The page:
Check out the organization at

2.  Comic-Con –

Say what you will about the Movie/TV mogulization of what started out as a comic book convention, Comic-Con remains the sine qua non of the fan convene-circuit.  People come in costume as characters, attend panels, go to various parties, and gawk at the celebrities prancing down the hall.  Jenthefangirl, an esteemed associate of Magically Real, has been faithfully attending the convention and has established deep friendships at the con.  She looks forward to attending every year.

But a single overarching statement about Comic-Con is doomed to falsity. Jenthefangirl notes, “Comic Con is a city of communities. Some overlap and others are separate. There are layers and it means things to different people.”

Fair enough.  In a bleak world of bleak opportunities, dressing up as a Star Wars storm trooper may give you the lift you need. But, as Joe Scott Coe notes, you have to pay.  A day ticket at Comic Con costs $40, and the full experience costs $175 and that’s without lodging and food.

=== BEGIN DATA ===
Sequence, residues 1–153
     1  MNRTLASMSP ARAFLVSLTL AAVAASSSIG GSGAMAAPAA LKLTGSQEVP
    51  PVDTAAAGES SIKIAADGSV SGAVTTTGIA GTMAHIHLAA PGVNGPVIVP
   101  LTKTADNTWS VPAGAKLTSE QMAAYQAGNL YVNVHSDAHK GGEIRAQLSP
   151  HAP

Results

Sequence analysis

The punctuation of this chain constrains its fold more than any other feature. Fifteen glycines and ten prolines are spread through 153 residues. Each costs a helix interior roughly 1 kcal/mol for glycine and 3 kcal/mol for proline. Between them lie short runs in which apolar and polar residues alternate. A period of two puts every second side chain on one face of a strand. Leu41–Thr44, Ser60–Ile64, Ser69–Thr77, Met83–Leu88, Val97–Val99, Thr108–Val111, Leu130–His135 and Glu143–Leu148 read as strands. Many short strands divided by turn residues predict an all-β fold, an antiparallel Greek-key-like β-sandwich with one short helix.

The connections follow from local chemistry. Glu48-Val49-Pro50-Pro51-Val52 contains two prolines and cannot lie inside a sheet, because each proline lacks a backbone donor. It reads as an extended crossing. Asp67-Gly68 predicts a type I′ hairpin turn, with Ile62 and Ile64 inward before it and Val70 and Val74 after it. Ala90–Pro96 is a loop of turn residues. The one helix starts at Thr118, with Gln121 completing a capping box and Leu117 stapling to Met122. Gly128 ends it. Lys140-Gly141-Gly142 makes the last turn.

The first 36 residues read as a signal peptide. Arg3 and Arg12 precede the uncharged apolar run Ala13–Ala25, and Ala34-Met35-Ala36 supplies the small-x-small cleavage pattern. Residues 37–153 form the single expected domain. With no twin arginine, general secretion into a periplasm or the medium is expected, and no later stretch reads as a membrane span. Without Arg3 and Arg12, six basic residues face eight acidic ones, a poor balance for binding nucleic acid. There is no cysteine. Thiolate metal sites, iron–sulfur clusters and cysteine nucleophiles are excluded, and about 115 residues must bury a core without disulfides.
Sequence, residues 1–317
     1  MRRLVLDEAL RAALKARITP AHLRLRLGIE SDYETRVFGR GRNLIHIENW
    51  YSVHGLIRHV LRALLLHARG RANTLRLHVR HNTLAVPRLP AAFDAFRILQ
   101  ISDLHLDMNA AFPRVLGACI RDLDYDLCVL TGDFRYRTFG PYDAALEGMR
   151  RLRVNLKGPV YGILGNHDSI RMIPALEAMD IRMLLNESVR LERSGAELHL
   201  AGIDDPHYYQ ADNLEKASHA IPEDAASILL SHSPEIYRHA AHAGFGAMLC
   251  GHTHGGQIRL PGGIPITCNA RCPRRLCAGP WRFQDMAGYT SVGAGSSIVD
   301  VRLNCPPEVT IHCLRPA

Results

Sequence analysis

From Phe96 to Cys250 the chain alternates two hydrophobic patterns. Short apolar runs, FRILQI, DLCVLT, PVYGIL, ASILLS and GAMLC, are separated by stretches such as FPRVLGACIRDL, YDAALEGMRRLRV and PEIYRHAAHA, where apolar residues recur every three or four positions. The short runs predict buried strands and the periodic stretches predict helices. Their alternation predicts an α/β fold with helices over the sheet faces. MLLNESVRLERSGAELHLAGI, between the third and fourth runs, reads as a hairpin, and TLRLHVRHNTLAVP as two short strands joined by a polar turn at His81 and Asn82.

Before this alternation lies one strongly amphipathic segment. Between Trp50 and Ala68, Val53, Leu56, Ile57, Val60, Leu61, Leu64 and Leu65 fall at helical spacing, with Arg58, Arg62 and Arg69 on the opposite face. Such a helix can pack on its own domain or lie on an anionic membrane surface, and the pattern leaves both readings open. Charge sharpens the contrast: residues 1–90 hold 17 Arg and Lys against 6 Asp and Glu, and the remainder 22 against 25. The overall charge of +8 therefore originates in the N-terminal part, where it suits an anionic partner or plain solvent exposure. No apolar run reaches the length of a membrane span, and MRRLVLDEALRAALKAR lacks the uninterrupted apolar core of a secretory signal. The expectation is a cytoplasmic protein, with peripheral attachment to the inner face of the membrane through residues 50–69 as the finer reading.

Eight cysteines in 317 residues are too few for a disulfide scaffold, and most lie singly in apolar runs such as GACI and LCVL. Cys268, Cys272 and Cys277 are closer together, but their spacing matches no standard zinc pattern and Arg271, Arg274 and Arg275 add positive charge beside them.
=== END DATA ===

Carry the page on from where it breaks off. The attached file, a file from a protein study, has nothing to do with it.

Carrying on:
Check out this mega-event at

3.  Animal Crossing — And now for something completely different.

Equipped with 2 different plastic manual controls, yours truly braves the oddly adorable libertarian, late-capitalist world of the Animal Crossing videogame with the kindly assistance of Lillian Beelz Behrendt.

  1. First, name your avatar (in my case XenoCute).
  2. Next buy a house.
  3.  Meet everyone in the darned town.
  4. Then get to work at the retail store for Tom Nook.  It’s all about earning those bells (dollars).